Sunday, October 26, 2014

Why Trader Joe's Decision to Cut Part-Time Worker's Healthcare is the Right Thing to Do


Trader Joe's is generally considered one of the best national grocers in terms of how they treat their workers. Historically if you worked just 18 hours a week there, you'd get full benefits. Under Obamacare, covering these workers is not required, and Trader Joe's has cut the health benefits of part-time workers. Normally this would be a political football for the right-wing political sphere, saying Obamacare has caused a reduction in care. But there's more to the story.

Trader Joe's is providing these workers a $500 healthcare stipend instead, and asking workers to go and get care on their own. This means not only do workers get healthcare - even if they only work a few hours, nevermind 18 - they also get it decoupled from Trader Joe's, meaning they can leave for another company, start their own business - whatever they elect to do, all with no interruption in healthcare, and more importantly, all without the scary prospect of losing their care altogether for leaving.

Depending on your income the subsidies built-in to Obamacare may get a TJs part-time worker healthcare for as low as $27/month, certainly within the $500 stipend. Obamacare has unquestionably been pivotal in this new policy.

Trader Joe's has taken an unusually generous benefits plan and made it even more generous - by making it easier for their workers to leave for that next stepping-stone.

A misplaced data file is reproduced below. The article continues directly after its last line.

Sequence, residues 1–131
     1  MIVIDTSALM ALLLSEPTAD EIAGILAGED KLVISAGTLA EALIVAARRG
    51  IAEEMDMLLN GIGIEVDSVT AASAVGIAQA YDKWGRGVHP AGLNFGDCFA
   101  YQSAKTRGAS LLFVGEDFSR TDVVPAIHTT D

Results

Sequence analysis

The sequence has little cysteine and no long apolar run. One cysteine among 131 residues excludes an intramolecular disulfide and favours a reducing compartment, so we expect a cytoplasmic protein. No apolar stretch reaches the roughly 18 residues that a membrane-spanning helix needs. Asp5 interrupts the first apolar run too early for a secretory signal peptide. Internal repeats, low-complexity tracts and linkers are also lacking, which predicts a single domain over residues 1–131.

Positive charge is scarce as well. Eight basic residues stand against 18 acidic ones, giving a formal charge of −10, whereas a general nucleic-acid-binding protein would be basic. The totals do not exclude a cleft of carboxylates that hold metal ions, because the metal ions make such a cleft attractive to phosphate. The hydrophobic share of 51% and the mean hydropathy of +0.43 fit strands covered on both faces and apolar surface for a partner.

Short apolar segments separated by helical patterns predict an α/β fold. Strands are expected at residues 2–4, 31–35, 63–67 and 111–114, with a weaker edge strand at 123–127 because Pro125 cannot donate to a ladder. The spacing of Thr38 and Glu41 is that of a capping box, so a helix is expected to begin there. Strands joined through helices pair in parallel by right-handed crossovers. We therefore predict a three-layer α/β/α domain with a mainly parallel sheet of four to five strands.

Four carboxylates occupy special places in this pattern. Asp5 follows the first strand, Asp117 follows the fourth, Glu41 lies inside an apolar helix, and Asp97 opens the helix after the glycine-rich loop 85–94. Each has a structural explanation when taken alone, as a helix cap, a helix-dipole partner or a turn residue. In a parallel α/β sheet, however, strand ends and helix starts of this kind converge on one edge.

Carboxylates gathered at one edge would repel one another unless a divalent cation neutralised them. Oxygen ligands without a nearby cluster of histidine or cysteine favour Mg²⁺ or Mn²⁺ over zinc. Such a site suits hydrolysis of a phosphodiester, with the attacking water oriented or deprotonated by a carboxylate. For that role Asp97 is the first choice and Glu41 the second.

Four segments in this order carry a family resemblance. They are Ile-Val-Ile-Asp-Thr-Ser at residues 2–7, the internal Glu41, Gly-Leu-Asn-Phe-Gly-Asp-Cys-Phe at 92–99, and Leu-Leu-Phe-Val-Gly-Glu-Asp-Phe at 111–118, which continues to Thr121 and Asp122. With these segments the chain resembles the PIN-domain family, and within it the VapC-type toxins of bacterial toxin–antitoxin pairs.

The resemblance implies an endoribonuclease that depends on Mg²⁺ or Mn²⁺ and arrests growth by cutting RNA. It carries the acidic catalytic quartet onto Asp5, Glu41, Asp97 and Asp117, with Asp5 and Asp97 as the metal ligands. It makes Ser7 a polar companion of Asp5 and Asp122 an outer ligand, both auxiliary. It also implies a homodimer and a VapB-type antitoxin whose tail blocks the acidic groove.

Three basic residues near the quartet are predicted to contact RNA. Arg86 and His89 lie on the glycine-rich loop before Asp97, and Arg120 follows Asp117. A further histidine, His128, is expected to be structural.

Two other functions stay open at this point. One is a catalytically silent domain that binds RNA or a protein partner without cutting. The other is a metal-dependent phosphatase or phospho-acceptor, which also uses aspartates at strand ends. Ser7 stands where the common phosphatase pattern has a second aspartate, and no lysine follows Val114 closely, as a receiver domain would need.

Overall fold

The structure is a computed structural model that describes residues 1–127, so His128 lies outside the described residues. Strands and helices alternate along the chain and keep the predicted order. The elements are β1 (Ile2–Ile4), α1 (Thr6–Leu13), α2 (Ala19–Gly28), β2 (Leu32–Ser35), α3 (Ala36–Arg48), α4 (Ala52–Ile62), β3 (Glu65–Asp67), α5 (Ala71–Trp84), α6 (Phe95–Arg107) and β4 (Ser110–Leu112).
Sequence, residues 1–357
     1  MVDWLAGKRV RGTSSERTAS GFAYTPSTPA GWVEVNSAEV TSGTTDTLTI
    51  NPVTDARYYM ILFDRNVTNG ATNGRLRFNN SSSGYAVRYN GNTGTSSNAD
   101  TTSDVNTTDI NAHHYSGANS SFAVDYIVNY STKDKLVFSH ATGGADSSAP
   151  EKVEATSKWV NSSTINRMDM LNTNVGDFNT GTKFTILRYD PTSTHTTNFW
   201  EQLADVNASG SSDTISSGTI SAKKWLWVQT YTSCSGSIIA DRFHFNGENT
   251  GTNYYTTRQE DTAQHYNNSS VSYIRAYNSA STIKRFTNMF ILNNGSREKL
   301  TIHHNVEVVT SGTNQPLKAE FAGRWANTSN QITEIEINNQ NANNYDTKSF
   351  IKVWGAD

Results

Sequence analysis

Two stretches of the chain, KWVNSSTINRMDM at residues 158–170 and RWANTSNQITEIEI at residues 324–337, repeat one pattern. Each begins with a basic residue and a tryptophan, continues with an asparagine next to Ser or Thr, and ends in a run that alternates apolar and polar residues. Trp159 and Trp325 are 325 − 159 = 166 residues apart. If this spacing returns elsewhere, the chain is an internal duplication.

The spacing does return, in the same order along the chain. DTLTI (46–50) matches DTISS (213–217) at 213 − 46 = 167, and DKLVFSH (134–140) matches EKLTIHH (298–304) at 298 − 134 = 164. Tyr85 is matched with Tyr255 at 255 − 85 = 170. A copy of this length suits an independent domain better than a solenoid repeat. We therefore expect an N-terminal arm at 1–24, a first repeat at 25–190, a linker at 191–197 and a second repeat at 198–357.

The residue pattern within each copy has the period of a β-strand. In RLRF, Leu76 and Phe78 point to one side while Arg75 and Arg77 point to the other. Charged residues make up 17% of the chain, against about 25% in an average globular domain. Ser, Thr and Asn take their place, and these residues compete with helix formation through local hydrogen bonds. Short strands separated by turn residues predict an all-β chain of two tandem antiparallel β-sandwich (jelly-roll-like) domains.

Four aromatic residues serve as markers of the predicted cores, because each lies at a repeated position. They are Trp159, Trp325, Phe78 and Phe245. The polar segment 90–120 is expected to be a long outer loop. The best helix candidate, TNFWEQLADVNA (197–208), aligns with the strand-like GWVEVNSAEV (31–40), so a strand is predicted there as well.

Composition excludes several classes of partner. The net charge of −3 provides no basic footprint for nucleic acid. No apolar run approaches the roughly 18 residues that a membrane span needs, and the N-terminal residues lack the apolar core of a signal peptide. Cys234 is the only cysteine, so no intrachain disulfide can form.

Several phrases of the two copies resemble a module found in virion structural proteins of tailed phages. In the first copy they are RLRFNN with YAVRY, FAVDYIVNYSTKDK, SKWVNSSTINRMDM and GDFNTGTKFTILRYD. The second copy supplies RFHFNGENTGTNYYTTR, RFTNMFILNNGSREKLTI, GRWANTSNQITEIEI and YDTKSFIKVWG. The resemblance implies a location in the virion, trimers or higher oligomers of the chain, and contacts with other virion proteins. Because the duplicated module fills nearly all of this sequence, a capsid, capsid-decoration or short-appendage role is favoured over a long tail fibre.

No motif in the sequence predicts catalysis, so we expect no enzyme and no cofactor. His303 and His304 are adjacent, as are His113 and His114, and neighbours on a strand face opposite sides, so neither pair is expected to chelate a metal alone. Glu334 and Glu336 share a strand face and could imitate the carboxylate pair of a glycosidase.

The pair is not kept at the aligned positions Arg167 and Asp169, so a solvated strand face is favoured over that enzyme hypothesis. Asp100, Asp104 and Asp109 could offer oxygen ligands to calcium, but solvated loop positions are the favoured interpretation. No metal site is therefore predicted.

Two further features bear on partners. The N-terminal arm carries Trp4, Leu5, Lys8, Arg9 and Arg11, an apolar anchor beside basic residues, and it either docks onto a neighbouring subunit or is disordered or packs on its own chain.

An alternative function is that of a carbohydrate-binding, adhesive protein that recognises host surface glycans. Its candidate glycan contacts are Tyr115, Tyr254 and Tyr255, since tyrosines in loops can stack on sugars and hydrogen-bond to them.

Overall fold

Sunday, October 5, 2014

When Poverty Kills Children

“I just shot my daughter and shot all my grandkids. And I’ll be sitting on my steps, and when you get here, I’m going to shoot myself.” -Multiple Shooting Deaths in Gilchrist County

A grandfather calls the police, and they arrive to his killing his daughter, his grandchildren, and himself. All with a gun purchased on the black market, after he and his family tumbled for years at financial rock bottom.

So much of what's wrong in the US at play here.

The Community is Enough
The community says they all saw the suffering but no one could have seen this coming; and yet, upon further reading, they're so predictable any reasonable person would feel disgraced. The Miami Herald documented 500 children dying prematurely in the state of Florida alone in a single year under similar, desperate family circumstances.

Pull Yourself Up
There's a belief today that the poor lack work ethic, and if their life is garbage, that's deserved - it's their motivation to pull themselves up. But there's a difference between motivating people, and desperation. Leaving people to struggle desperately and bitterly turns them against the system, others, and themselves - sometimes, as terrible as it plays itself out here. Other times, as petty crimes, theft, and emergency room visits after it's too late. We do need better motivation in the system, but risk is a motivator; despair is not. We need opportunity. And we need to stop dismissing government assistance out of hand, especially when studies show programs' overall monetary cost is cheaper than proceeding without them.

Tough on Crime